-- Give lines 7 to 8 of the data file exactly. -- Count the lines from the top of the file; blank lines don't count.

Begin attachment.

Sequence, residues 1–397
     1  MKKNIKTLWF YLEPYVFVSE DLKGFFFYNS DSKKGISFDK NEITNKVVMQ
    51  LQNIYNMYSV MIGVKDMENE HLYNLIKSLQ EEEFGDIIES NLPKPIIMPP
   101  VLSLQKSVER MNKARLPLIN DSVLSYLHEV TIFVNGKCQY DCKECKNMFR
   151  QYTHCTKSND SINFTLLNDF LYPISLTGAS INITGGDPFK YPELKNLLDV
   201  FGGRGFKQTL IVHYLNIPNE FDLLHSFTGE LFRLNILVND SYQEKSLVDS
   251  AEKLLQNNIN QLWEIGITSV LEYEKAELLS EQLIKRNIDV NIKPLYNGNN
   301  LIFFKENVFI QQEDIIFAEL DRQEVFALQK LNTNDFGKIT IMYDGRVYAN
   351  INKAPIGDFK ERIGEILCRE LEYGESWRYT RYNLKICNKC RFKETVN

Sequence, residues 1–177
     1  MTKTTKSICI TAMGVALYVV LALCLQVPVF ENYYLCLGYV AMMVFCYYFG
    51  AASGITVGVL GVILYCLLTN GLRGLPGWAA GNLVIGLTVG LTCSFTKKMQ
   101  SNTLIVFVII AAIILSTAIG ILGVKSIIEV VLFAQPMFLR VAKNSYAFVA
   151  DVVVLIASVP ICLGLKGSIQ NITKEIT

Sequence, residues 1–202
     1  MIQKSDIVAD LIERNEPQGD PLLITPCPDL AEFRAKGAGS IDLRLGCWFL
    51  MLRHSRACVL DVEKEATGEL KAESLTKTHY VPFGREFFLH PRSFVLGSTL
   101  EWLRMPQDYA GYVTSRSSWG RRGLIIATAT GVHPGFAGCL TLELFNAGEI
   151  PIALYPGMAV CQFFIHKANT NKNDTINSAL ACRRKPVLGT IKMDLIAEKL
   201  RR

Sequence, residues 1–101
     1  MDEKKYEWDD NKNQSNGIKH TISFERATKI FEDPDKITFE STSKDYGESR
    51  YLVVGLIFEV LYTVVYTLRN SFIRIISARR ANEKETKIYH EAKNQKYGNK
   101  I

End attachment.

   251  AEKLLQNNIN QLWEIGITSV LEYEKAELLS EQLIKRNIDV NIKPLYNGNN
   301  LIFFKENVFI QQEDIIFAEL DRQEVFALQK LNTNDFGKIT IMYDGRVYAN